While clinical guidelines stress the importance of the judicious perioperative intravenous fluid administration, data show that adherence to these protocols is poor. The reasons have not been identified. We therefore audited the magnitude and indications of fluid and electrolyte administration in a teaching hospital. We hypothesised that epidural analgesia is associated with excessive fluid therapy.MATERIALS AND METHODS
Intravenous fluid and electrolyte administration during the day of surgery and the subsequent 2 days in consecutive patients undergoing elective gastrointestinal surgery between November 2013 and May 2014 were retrospectively audited. Timing, volumes and indications were recorded.RESULTS
One hundred patients undergoing elective gastrointestinal resection were studied. Patients received 9030 ml ± 2860 ml (mean ± standard deviation) intravenous fluids containing a total of 1180 ml ± 420 mmol sodium and resulting in a cumulative fluid balance of +5120 ml ± 2510 ml; 44% ± 14% of total volumes were given in theatre. Nearly all fluid was given for maintenance, 100% (96–100%, interquartile range), with 17 patients only receiving replacement or resuscitation. Independent predictors of increased volumes included open surgery, upper gastrointestinal surgery, increased duration and epidural analgesia but not body weight. Postoperative fluid volume was the only independent predictor of postoperative complication grade (P = 0.0044).CONCLUSIONS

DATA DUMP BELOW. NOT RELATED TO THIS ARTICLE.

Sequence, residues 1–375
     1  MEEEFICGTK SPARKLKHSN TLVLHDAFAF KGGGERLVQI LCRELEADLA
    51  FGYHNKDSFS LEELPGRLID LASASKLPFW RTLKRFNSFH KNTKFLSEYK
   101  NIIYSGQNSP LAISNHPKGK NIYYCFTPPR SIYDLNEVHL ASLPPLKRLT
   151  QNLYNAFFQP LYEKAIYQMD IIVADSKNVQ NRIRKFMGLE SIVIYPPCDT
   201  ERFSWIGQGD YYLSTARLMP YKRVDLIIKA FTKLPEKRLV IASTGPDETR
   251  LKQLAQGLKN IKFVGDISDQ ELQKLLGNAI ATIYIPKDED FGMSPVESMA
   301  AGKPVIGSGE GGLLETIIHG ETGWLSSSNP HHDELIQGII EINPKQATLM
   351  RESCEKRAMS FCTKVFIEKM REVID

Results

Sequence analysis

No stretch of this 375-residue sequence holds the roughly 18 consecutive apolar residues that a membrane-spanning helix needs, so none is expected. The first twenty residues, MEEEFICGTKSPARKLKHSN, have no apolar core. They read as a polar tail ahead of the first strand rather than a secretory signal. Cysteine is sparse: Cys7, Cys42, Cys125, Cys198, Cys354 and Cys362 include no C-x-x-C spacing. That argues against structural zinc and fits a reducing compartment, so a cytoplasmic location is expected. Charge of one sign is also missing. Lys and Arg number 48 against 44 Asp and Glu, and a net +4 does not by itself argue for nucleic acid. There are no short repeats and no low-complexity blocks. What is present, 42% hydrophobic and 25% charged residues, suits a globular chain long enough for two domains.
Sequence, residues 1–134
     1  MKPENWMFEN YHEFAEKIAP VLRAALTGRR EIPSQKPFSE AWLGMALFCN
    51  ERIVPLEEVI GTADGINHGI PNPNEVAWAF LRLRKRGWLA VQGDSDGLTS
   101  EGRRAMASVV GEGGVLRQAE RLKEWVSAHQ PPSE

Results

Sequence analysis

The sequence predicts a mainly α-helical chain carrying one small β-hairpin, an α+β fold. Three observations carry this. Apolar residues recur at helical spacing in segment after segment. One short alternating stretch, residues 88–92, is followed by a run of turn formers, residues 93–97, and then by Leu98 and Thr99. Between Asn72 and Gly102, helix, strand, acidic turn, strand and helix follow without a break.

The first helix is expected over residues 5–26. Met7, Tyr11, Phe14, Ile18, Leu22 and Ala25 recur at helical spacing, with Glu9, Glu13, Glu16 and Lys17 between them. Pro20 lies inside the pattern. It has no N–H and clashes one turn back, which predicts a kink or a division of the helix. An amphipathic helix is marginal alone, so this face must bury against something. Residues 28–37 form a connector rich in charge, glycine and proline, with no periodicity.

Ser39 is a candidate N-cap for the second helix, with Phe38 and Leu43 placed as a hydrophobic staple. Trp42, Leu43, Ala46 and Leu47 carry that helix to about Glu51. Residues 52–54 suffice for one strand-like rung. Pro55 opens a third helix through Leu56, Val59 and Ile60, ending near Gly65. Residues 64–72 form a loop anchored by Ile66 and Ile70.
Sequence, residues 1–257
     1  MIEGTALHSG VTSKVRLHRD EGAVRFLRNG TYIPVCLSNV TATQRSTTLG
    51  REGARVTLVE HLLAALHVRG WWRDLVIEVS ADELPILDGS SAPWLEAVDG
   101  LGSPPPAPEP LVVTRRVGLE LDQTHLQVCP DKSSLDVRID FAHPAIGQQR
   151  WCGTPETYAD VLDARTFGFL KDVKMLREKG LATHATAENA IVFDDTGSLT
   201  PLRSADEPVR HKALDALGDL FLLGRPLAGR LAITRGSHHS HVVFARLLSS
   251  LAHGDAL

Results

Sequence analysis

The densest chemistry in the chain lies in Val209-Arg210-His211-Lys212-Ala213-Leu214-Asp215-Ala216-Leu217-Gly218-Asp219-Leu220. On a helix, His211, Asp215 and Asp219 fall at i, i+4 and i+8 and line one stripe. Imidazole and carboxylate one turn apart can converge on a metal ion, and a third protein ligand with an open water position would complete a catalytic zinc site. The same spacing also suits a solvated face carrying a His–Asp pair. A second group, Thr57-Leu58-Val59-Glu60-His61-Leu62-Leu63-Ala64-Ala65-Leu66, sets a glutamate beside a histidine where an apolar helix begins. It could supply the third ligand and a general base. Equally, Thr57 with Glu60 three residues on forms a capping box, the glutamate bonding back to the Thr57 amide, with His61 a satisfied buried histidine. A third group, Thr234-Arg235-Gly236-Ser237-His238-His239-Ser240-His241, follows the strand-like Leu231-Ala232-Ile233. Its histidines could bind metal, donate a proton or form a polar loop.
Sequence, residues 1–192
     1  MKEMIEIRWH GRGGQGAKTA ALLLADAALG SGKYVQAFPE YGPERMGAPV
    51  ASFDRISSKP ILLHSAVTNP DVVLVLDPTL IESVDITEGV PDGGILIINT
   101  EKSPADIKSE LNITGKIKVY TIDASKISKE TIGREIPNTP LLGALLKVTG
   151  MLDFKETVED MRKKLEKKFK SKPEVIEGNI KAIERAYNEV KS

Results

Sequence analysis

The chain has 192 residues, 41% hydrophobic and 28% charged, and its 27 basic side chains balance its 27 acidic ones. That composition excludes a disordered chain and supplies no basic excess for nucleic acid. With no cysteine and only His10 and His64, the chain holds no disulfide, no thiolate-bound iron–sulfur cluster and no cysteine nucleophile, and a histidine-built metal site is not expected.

Despite published guidelines, perioperative fluid and electrolyte administration were excessive and were associated with postoperative morbidity. Substantial volumes were administered in theatre. Nearly all administration was for maintenance, yet patients received approximately five times the amount of sodium required. Epidural analgesia was an independent predictor of fluid volumes but body weight was not.